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I have an old appliance (a drier) that needs a small repair and reached its average lifespan (10 years). It has no rest value.

It has always been maintained very well and it's from a very reputable brand. I performed an inspection and I expect the repairs to be very infrequent, or anyway quite cheap. It's a simple device.

A new one would cost me much more money but would also require less energy to run.

The two questions, basically the same, are: how do I decide if it's time to replace it, given the repair costs, or how do I decide when to replace it, even if working properly?

We can assume the following values to be known:

  • repair costs (it could be zero in the case of the replacement of a working, but inefficient, device)
  • price of the new device
  • a known economical savings per week due to the known energy savings per cycle and cycles per week
  • the expected lifespan of the new and old appliances (different from each other of course)

Intuitively, if my appliance works, the money that I save by keeping it pushes the break-even some years in the future, justifying keeping the old one. Small repairs may not pull it back much.

However, if I replace it immediately, after that time I will already be saving money, not happening if I keep the old one.

  • How much more energy efficient will the new dryer be? (Mine is gas, so saving electricity is pretty low on my priority list...) You need to determine how much electricity costs, how much you'll save with a new dryer per run, and how often you run it per week. (Now that our kids have moved out, it gets used a lot less than before...) – RonJohn Nov 23 '17 at 9:05
  • How much is known, and it translates into the known weekly savings in the bill,as I wrote in the question. The specific value is not relevant for the question, that is specifically generic. If you really want to know, the savings of 2 kWh/cycle would put the break-even 5 years in the future, half of the lifespan of a new device which, with a heat pump, would not last as long as the simpler, condenser model I have. – FarO Nov 23 '17 at 9:13
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    If it's truly a "small repair", then it's a no-brainer, especially if DIY. – RonJohn Nov 23 '17 at 9:25
  • @RonJohn The question is generic and also applies to the case where an appliance is perfectly working, but terribly expensive to run, therefore justifying the replacement. The repair costs may in this case be zero. – FarO Nov 23 '17 at 9:37
  • are you asking for a mathematical formula? – RonJohn Nov 23 '17 at 10:44
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This is slightly opinion based.

On simple math;

  • R = Repair/Routine Maintenance costs year on year
  • E = Notional loss due Economical Savings on a year
  • I = Benefit [Interest or returns] on cost price of new device

If R+E-I is a large positive number, the cost is high and the sooner you replace the better. If the it is large negative number; wait for appliance to break down. If it is small positive or negative number it doesn't matter much.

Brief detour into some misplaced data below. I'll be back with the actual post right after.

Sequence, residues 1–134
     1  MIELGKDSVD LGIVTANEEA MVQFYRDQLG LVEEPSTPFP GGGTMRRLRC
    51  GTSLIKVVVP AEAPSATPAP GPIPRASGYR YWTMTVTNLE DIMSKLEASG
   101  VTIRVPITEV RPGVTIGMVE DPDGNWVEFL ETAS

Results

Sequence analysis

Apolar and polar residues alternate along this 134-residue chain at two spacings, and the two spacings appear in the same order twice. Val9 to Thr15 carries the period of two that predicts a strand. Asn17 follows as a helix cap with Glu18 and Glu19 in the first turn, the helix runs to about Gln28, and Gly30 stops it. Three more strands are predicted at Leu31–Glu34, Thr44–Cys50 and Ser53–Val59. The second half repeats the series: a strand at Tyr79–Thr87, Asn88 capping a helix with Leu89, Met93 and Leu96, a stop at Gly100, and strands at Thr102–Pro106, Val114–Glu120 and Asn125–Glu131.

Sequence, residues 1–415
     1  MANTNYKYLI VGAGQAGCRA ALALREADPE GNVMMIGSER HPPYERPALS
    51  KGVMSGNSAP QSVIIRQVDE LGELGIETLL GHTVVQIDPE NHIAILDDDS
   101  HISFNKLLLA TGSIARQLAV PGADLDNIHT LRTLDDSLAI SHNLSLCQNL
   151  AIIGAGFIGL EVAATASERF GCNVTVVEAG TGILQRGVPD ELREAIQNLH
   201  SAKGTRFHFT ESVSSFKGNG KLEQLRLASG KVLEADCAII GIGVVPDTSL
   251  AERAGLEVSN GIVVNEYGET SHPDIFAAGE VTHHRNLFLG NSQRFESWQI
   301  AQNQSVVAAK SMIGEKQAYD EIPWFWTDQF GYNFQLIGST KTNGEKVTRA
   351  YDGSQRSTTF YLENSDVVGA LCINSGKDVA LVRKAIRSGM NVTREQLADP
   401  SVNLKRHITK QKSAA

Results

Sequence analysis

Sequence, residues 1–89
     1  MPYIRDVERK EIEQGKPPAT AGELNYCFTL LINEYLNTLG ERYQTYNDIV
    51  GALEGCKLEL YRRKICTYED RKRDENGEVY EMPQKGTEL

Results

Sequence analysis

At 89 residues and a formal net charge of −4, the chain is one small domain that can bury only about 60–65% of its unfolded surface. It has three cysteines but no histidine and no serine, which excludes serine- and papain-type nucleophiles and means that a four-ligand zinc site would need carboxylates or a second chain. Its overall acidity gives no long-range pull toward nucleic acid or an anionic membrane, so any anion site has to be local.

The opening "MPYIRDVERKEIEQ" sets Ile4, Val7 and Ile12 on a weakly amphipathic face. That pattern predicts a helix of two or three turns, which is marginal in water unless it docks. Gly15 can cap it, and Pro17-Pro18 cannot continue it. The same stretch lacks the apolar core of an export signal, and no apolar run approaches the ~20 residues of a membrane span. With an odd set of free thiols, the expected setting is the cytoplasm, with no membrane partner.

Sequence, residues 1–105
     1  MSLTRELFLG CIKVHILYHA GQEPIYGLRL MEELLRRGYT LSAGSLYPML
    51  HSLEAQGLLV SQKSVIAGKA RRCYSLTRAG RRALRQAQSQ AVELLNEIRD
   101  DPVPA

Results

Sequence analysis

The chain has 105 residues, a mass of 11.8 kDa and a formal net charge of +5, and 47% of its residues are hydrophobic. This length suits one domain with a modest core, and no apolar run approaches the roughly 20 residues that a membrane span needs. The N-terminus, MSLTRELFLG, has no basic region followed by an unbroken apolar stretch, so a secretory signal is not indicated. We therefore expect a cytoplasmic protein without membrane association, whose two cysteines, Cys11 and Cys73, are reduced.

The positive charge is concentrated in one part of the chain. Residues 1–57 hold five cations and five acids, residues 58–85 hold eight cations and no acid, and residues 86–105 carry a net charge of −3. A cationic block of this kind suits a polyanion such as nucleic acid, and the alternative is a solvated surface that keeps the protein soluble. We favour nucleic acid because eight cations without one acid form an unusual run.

Other Factors:

  1. Risk: Old appliance can break down unpredictably. The time to repair or replace maybe large. This may create hardship. For example a heating system going down in winter and it takes few weeks to repair / replace. Or some items may suddenly leak gases that can be toxic, or blow up etc. In such cases it makes sense to replace the items past life span. To an extent look at examples of replacing car tiers, they may work well; but if worn out they can bust immediately or in few years. But if they bust when you are on freeway; the consequence can be dangerous.
  2. Lifestyle: Newer devices may offer better convenience and may make more emotional sense to buy new.
  • So in my case it would be R = 0 since it's running well and the current repair is more like a maintenance I do myself for free; E = 2.5 runs a week, 0.4 Euro difference in energy costs = 52 Euro; I = 450 Euro for a new device and 3% interest = 13.5 Euro -> R+E-I = 38.5 Euro per year. Is this large or not? it's not clear the reference for "large". – FarO Nov 24 '17 at 8:58
  • Is the current value of the old device not taken into account? if someone applies this formula to a device that is for example 1 year old, the result may be biased. – FarO Nov 24 '17 at 9:00
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    @FarO Large is contextual. 38.5 in absolute terms is not big. The new device is 450; i.e. 12-13 times; so you would break even after that many years ... not a substantial savings ... save the new device is EUR 120 and savings of 40 EUR makes sense. Or if the yearly savings is in range of 300 or 500 EUR's ... it's slightly different. Again there is no pure math in such cases. – Dheer Nov 24 '17 at 9:03
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    @FarO Yes current resale value need to be considered and subtracted from cost price of new device. i.e. incremental cost for new device. – Dheer Nov 24 '17 at 9:04
  • I think you should include the last two comments in the answer, they are important to understand it. Then I could accept it as official answer. – FarO Nov 24 '17 at 9:56

protected by Dheer Oct 22 '18 at 17:23

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